Home to 370-something islands and the world's only freshwater sharks, this lake has proved to be
a vital and interesting part of Nicaraguan history, culture and economy. The city of Granada,
with its nearby 300 islands, is the principle port on the lake and many voyages embark from
there and San Jorge, near the city of Rivas. The San Juan River connects the lake to the
Carribean. Some still consider it as a possible alternative to the Panama Canal since there
is just an 18 kilometer wide strip separating it from the Pacific Ocean. It is believed that
it was originally part of a large Pacific bay but massive volcanic eruptions cut it off. The
sea animals which were trapped there adapted as the lake changed from salt to fresh and that is
how there got to be so many strange aquatic animals in the lake like freshwater swordfish,
guapote, and tarpon.
The lake is so huge (it is about 160 km long, has a maximum width of
about 72 km, and covers about 8030 sq km) that it took Spanish explorers 12 years to find a
channel to the ocean.
In the center of the lake lies the Ometepe island (itís name comes from the Natahuatl word
"ome-tepetl" which means "two peaks") which contains two volcanoes, Concepcion (active) and
Madera. The two volcanoes were originally separate islands, but lava flow merged them into
one island. The islands can be reached either by a tedious and culturally exciting three-hour
ride in a leaky banana boat or by a one hour ride in hydrofoils.
When you reach the islands,
be prepared to rent a taxi to take you around to see the stone statues and petroglyphs of the
Chorotega Indians which still remain in front of the church of Altagracia and on the Madera
Volcano slopes and were discovered in the 1850s by the American diplomat, George Squier. One
can also hike up the side of Concepcion Volcano or through the lush forests which are full of
wildlife to the crater lake in the Madera Volcano. According to native legends, the Chorotega
and Nagua tribes were moving south from Mexico looking for a place that their prophets said
was an island with two mountains rising from a freshwater sea. We suppose that Ometepe fit
this description and the Indian artifacts and tombs support the idea that they did settle
there. The local people live by fishing and harvesting bananas, citrus, sesame, wheat,
tobacco, and coffee. The two main towns, Moyogalpa and Altagracia, can provide basic food
and accommodations but the best plan would be to catch a ferry back to Granada. It can take
almost two hours to reach the popular Santo Domingo Beach, so one should take care to hire a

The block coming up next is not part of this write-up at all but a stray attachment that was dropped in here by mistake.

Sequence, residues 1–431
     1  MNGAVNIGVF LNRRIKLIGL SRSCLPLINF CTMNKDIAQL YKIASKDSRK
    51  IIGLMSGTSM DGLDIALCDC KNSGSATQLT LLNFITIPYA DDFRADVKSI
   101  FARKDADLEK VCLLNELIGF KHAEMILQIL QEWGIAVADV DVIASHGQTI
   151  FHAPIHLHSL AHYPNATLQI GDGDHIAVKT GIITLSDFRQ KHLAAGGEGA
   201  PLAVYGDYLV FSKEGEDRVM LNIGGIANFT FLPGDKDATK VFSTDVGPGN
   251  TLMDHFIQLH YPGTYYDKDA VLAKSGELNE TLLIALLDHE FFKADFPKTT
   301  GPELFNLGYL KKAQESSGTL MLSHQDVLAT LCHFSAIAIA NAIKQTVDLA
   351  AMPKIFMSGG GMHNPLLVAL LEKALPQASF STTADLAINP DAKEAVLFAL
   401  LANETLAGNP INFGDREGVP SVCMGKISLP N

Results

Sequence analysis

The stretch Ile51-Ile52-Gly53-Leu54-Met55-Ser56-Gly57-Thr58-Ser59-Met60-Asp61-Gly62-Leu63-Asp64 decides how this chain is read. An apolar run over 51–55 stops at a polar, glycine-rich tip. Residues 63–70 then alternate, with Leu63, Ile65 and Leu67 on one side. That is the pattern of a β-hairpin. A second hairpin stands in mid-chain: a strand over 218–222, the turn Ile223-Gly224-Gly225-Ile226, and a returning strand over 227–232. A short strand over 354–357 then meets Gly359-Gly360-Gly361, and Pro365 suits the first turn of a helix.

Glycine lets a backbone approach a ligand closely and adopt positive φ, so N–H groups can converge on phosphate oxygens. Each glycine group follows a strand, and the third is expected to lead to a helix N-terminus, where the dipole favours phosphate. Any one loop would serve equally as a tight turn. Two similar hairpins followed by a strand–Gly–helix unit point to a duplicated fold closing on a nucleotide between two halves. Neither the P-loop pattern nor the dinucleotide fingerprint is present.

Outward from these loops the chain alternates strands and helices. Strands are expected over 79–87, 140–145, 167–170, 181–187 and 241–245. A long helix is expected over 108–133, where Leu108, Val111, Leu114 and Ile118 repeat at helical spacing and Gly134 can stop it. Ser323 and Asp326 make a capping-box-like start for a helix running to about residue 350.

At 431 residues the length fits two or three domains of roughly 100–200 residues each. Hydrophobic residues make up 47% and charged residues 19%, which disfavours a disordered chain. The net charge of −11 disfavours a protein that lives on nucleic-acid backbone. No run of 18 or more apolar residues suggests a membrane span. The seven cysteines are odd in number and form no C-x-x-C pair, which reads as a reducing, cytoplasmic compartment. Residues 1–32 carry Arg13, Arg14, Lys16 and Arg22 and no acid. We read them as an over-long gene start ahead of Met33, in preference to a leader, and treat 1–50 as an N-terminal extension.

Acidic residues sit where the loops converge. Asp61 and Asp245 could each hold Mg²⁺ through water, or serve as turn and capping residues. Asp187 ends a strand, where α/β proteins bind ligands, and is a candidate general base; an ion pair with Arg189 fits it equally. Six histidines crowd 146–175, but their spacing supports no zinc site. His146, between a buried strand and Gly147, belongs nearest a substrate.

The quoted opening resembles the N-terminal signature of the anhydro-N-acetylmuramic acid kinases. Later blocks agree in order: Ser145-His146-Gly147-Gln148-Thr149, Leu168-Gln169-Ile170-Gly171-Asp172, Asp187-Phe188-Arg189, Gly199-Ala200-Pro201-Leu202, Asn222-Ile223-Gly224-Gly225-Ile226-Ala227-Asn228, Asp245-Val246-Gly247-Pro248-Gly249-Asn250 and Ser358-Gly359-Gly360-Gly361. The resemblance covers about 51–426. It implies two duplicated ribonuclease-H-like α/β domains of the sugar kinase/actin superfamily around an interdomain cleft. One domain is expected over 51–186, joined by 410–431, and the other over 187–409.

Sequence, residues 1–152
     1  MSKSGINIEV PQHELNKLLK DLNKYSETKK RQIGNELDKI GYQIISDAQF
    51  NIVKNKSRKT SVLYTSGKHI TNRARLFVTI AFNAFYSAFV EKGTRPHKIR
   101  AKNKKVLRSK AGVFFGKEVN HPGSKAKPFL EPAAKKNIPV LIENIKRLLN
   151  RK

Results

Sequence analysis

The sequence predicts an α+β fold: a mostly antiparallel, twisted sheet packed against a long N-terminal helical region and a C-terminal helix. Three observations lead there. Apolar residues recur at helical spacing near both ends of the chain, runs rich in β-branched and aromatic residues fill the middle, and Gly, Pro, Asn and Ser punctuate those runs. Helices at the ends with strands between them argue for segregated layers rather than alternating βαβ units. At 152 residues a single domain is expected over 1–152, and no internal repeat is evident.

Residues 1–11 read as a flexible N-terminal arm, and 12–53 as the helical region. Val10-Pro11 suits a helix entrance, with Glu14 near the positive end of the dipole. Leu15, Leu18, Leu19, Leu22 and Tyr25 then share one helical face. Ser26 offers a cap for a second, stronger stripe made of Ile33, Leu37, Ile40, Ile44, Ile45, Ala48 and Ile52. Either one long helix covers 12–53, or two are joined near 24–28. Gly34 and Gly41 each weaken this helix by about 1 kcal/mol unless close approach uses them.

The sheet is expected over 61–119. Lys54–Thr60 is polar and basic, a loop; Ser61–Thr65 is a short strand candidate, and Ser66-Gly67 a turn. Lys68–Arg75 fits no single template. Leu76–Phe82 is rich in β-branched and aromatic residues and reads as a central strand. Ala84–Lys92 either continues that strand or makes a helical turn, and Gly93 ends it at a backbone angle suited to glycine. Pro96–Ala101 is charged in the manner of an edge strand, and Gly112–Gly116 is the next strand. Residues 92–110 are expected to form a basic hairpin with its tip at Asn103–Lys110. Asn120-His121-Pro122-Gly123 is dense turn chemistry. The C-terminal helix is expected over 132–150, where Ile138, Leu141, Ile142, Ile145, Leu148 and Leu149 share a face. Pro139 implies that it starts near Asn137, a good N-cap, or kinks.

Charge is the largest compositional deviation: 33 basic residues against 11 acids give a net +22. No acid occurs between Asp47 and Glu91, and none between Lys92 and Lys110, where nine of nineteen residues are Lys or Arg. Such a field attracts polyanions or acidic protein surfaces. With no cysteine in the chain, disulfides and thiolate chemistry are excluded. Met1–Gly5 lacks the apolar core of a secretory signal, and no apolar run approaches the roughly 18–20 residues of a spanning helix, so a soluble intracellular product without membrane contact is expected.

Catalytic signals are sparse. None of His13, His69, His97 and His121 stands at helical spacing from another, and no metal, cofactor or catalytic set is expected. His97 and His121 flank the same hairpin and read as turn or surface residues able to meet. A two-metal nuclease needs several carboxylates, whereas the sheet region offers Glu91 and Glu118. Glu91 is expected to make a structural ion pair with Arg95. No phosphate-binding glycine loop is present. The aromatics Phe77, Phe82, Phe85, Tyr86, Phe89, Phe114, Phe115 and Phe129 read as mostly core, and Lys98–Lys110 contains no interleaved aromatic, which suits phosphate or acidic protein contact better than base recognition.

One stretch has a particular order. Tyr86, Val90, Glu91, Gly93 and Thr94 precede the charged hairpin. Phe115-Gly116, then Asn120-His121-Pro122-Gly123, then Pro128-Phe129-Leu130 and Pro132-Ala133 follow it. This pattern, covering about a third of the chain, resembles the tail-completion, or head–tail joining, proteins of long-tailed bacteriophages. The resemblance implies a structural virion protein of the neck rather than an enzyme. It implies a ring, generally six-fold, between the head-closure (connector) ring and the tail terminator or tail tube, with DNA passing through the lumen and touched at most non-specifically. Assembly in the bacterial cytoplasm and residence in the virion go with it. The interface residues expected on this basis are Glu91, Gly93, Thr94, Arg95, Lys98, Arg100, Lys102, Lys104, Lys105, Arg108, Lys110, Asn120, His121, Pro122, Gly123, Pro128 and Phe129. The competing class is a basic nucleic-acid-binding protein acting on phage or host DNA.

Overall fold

licensed guide to make sure that you catch your ride home on time and that you donít spend
hours traveling in circles looking for something on the brochure.
|Solentiname painting. Copyright: Ministry of Tourism|
To the south of Ometepe lies the Solentiname archipelago. Here, the remaining native painters
from the Solentiname school of painters formed by Father Ernesto Cardenal in 1967 create
brightly colored, primitive works which are very distinctive and culturally valued. When the
leftover poets and artists are not going about their usual craft, you will find them carving
equally distinctive wooden figurines or fishing. The archipelago is actually formed by 36
islands, the largest of which is Mancarron where the boats dock and where the minimal tourist
infrastructure is. It is from there that one must arrange to travel to the smaller islands
where the artisans are or to the archaeological zones and reserves. The most popular activity,
by far, is to trek through the unspoiled surrounding nature and witness the abundant wildlife.
Located in the country's lowlands in western Nicaragua, Lake Managua is the nation's second
largest lake. It covers an area of 1049 sq km and has a maximum width of 58 km. Managua
is the chief settlement on the shore. The lake supports economically significant fisheries
but the sewage from Managua is drained, unfiltered, into it. It is drained south into the
larger Lake Nicaragua by the Tipitapa River. Due to the weather conditions, the lake has
been drying for the last few years.
|Lake Managua Copyright: Thinkquest Team 17749|
The gigantic volcanic crater is about 4 miles wide and 650 feet deep. The water is clear
enough for diving and fishing is good. The water has a salty taste because of the minerals
in it, hence the name "apoyo." Up on the rim of the lagoon is a line of restaurants with
bamboo terraces overlooking the shining water. The nearby city of Catarina is home to coffee
plantations, ornamental plant growers, and bamboo products.
Rio San Juan
You wonít find very many people who would love to take you along this river, but diehard
explorers could find this jungle trek the experience of a lifetime. During the days of
Cornelius Vanderbilt and the California Gold Rush, Samual Clemens described this river with
the words, "And so we started down the broad and beautiful river in the gray down of the balmy
summer morning..." The 180 km river, which connects the Caribbean with Lake Nicaragua, has
among its attractions to history buffs the El Castillo fortress which was built in 1765 to
stop the attacks on Leon and Granada from pirates who would sail up the river, plunder the
cities, and then retreat the same way. It was this fortress that British Admiral Horatio
Nelson fought and eventually surrendered to.
|San Juan River fort. Copyright: Ministry of Tourism|